Sunday, October 28, 2007

Vendsyssel's Hell's Angels

Yup, that’s right – there are bikers in Denmark. When most people think of biking in Denmark, they think of stately Scandinavians in business dress and pea coats peddling their way to work through the streets of Copenhagen. And while bicycles are indeed ubiquitous here – Copenhagen apparently has the highest rate of bicycle use per capita of any city in Europe and there are spaces for bicycles on all the trains – the kind of bikers I’m talking about are the real biker dude type that you imagine zooming around highways in the good ol’ American west. I heard my first story about the Danish Hell’s Angels a couple weeks ago as an explanation of the rather rough fishing crowd in Hirtshals – apparently the bikers, who came up north for the weekend, got in a fight with the locals that ended with the fishermen throwing their motorcycles in the harbor. But yesterday I got my first chance to see the bikers for myself.

I’ve been doing some biking of my own, in the more quaint and traditional Danish style – good for grocery shopping, but also for exploring the area a little beyond the distance I can go just walking.

Yesterday I went for a bike ride in the forest behind the North Sea Center with one of the researchers at IFM. It’s a really nice place for biking – it’s a production forest for the timber industry here, so it’s a much larger forest than you’d expect to find most places in a small country like this (particularly a country with an extensive maritime history, which pretty much means extensive deforestation until they stopped building wooden ships) and there are a lot of paths through the woods ranging from paved roads to dirt paths for biking and walking and horseback riding. It was a pretty day – sunny weather, and just about the peak of the autumn colors in the trees here – and we biked about 45 minutes out to a sightseeing tower in the forest. From the top, you can see across the top of the forest and over the dunes to the North Sea.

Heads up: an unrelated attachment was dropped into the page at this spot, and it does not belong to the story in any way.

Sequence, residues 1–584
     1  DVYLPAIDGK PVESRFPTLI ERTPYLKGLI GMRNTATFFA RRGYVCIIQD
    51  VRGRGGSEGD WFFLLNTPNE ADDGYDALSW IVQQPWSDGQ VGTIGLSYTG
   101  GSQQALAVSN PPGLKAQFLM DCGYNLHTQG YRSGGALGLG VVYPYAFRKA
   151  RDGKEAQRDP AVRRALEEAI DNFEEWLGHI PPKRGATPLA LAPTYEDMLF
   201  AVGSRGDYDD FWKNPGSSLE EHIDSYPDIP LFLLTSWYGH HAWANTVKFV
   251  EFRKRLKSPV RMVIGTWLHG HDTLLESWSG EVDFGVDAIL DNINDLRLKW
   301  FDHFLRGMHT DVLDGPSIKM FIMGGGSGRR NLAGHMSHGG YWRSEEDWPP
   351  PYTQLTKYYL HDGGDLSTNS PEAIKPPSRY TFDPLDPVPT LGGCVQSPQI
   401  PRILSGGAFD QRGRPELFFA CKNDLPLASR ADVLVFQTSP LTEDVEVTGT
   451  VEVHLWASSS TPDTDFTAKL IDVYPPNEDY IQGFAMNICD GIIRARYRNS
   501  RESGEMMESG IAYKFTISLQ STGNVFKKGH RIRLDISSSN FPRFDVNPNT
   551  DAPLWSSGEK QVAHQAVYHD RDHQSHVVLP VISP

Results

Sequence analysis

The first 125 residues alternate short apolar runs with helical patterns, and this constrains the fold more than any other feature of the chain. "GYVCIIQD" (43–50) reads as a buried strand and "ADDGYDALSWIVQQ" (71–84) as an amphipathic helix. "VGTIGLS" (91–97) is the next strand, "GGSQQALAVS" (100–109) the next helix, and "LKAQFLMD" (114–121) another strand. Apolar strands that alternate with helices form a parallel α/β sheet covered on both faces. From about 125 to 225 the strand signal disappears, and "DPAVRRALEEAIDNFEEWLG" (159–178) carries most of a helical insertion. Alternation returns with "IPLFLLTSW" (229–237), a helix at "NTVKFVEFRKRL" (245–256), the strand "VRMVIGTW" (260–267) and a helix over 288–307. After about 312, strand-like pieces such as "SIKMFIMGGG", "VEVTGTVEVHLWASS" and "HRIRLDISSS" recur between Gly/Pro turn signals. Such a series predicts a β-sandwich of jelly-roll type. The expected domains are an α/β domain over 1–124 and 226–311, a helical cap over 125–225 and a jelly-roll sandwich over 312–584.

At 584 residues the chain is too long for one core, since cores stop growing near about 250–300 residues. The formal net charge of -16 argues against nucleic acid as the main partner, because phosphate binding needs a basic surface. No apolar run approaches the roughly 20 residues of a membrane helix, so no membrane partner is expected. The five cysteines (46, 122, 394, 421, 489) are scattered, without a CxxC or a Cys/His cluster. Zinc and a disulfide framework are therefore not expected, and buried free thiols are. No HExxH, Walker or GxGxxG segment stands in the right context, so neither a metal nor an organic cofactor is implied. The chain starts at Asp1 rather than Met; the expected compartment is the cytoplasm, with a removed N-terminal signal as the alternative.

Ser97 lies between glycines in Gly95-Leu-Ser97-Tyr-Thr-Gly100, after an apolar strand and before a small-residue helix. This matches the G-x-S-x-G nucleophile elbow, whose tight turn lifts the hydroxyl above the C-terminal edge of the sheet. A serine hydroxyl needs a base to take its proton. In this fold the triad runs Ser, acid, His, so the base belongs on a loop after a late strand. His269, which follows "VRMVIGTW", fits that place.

Even if the bike ride hadn’t been enjoyable in and of itself, I think the view might have been worth it.

And then, while looking out over the quiet scene of rural Denmark, there was a strange sight on the beach: slowly, the white sand was filling up with little black dots rapidly moving in our direction. No, not ants in strange perspective (though they did look a bit like a swarm of ants), it was a giant group of motorcyclists. First just a few, but soon ten, twenty, thirty, maybe even more. They zoomed around the beach for a few minutes and then (upon realizing that even tough motorcycles couldn’t ford the river that emptied into the sea just down the beach) headed back to the road. But rather than disappearing into the distance, the hum of revving engines grew louder, and we realized that the flock of bikers was heading towards us. And sure enough, they came right towards us along the same path we had taken, a pack of thirty motorcyclists on the dirt road heading through the forest

It was very surreal. They may be Hell’s Angels (no way to really tell what group they were with), but I never expected to find a biker pack heading down the dirt paths of the forested Danish countryside.

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